How can parents help improve their child’s EQ?
In his You Can Do It! Education programs for schools and homes, Professor Bernard shows teachers and parents how to talk about and teach skills like resilience, confidence and persistence.
“I think many parents just don't know what to do when their kids are upset. So they dismiss or disapprove of their emotions, or they let them run rampant,” Professor Bernard says.
Despite the challenges in doing so, Professor Bernard says focusing on EQ is becoming increasingly urgent.
“There are increasing numbers of young people at primary age and beyond that are experiencing emotional difficulties like anxiety. We have 60 percent of kids saying they worry too much. That's a big number and some of those convert into mental health disorders. The sooner we can provide children with education about emotions and negative emotions and what to do with them the better.”
One way parents can help is by teaching their child persistence.
“It's important for children, as early as possible, to know that the more effort they put into something, the more they're going to learn and the more successful they're going to be. This is something that parents can begin to teach their children at a fairly young age,” Professor Bernard says.
Examples might be encouraging a child to keep working on a puzzle or on a new skill like drawing: easy to do with under five-year-olds as they are always trying so many things.
Modelling persistence and naming emotions
Parents should also model persistence themselves and use words that help our children’s longer term emotional development.
“When parents catch their child persisting, they need to acknowledge their child not by saying ‘Good work’ but by saying, ‘I see you're trying hard. You're not giving up.’ This helps the young child begin to see a link between what they do and their success, and to see that that learning doesn't happen immediately but requires keeping at something,” says Professor Bernard.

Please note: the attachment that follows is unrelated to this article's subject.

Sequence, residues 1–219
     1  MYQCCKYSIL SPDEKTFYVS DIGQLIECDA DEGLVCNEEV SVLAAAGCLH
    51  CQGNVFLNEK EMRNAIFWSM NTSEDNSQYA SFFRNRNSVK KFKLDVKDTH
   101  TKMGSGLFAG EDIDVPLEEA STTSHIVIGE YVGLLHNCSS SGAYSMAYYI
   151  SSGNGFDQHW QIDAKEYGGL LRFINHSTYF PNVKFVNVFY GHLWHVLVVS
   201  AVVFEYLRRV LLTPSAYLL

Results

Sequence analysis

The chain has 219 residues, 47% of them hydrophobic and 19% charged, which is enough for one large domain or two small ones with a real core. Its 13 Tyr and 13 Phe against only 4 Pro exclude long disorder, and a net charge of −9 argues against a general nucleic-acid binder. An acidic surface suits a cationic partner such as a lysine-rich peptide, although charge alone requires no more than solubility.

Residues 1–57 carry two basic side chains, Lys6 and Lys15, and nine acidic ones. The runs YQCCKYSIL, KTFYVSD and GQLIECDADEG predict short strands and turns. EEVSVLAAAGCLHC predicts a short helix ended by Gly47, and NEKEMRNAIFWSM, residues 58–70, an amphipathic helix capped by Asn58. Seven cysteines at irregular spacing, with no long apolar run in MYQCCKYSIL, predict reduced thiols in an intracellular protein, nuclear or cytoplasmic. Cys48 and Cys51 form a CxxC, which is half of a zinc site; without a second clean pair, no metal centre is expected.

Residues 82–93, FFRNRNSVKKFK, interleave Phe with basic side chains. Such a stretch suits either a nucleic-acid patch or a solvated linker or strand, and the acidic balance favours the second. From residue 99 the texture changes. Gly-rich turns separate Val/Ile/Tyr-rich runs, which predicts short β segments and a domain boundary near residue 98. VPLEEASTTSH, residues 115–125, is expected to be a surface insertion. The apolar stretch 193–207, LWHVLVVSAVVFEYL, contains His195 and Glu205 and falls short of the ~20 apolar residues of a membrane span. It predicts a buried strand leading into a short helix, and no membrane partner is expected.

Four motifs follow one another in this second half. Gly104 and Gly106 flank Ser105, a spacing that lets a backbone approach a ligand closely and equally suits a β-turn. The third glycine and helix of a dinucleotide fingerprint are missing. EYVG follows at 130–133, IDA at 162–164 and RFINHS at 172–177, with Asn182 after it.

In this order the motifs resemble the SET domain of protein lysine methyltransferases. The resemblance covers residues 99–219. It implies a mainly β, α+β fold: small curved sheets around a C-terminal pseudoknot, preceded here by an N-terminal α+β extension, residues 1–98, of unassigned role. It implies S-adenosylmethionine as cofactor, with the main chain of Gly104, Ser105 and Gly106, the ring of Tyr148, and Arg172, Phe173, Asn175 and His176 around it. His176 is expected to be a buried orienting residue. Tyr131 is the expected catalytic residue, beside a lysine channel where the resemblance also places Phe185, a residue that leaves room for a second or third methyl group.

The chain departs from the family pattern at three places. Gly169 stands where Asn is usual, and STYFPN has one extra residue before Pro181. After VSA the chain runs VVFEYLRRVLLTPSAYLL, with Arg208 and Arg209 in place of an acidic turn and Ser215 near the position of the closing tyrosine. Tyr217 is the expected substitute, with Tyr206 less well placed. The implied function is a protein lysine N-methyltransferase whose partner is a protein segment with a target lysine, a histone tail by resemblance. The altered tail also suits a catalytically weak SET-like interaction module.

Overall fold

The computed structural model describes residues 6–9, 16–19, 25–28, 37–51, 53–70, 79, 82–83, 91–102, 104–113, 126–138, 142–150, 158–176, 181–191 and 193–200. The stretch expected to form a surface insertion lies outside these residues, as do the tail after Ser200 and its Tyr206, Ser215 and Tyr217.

It can also help parents when they start to see their child’s emotions as an opportunity to build stronger connections.
“Overall in terms of a child’s emotional development parents need to be aware of what their children are feeling to begin with, and be sensitive to those emotions,” he says.
If a child is angry or sad a parent might help them label this emotion, so they begin to connect feelings to named emotions. In doing so, parents start to help their children become more aware of their emotions and to talk about them: both important aids for parents who can then start coaching children to manage their behavior when they're upset.
“This is huge for children,” says Professor Bernard.
Finally, it’s vital that parents and carers develop the understanding that emotions play an important role in a child’s development.
“They serve a purpose. Kids need to experience emotions to be resilient, so if parents protect them so they never experience negative emotions that will delay their development of emotional intelligence,” he says.
That’s important given the role EQ plays in our long-term success.
Professor Bernard says if we are considering success later in life, emotional intelligence is in some ways more important than traditional IQ.
“People who are successful are not simply getting there due to their IQ,” he says.